Posts Tagged ‘diagnosis’

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March 25th, 2016

Podcast 200: Sorting out the results of breast biopsy

Most of the time, pathologists agree with each other about breast biopsy results — especially when the biopsy is negative or indicates invasive cancer. However, the biopsies that fall between those two extremes — that is, atypia and ductal carcinoma in situ — make for tough conversations with patients. This week’s guest, Alexander Borowsky, has […]


July 30th, 2014

Podcast 172: Listening for the Diagnosis, a Conversation with Danielle Ofri

Running time: 15 minutes Dr. Danielle Ofri, author and internist (as well as an aspiring cellist), is writing a book about how patients and clinicians hear each other. Our discussion centers on that, and on her request that you contact her if you can put her in touch with great diagnosticians (and maybe even their patients). […]


January 20th, 2012

Podcast 142: Really, why are you ordering that test?

The American College of Physicians wants to encourage high-value, cost-conscious care. And so they convened a consensus panel of physicians to list tests that they considered overused or inappropriately used in certain circumstances. One example would be the use of MRI for breast screening in normal-risk patients; another is the use of imaging studies […]


August 12th, 2011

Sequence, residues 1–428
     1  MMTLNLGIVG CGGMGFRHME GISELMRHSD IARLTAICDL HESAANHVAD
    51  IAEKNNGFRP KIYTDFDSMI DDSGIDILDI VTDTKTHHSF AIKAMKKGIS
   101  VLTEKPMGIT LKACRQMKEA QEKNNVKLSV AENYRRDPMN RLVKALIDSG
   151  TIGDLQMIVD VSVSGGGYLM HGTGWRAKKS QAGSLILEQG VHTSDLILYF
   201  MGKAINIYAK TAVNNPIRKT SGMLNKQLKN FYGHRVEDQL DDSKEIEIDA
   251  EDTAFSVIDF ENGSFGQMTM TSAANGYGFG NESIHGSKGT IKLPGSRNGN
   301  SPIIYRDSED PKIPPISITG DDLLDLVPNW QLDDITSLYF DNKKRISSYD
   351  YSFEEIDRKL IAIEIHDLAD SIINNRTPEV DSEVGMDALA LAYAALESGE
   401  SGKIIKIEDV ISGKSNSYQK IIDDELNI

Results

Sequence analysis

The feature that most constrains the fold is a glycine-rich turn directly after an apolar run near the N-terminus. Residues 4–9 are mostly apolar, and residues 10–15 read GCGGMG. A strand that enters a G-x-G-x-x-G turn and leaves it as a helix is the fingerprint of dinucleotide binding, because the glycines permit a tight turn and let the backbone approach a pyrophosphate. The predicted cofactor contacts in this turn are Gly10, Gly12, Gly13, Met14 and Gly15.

Podcast 128: Bleeding patients, inadvertently, into anemia happens more often than you might think

An article in Archives of Internal Medicine examines what’s called “diagnostic blood loss” — the loss of blood through phlebotomy and not hemorrhage. The effect is the same, however. According to a study conducted in 57 medical centers among some 18,000 patients with myocardial infarction, one in five became moderately or severely anemic (hemoglobin level […]


March 25th, 2011

Podcast 116: What do more sensitive troponin measurements mean for diagnosing ACS?

Troponin I levels can now be measured much more accurately and assays have a greater sensitivity. In Edinburgh, the diagnostic level for acute coronary syndrome was lowered from 0.20 ng/mL to 0.05. As a result, when patients presented with suspected ACS they were more likely to be diagnosed — and a year later were […]


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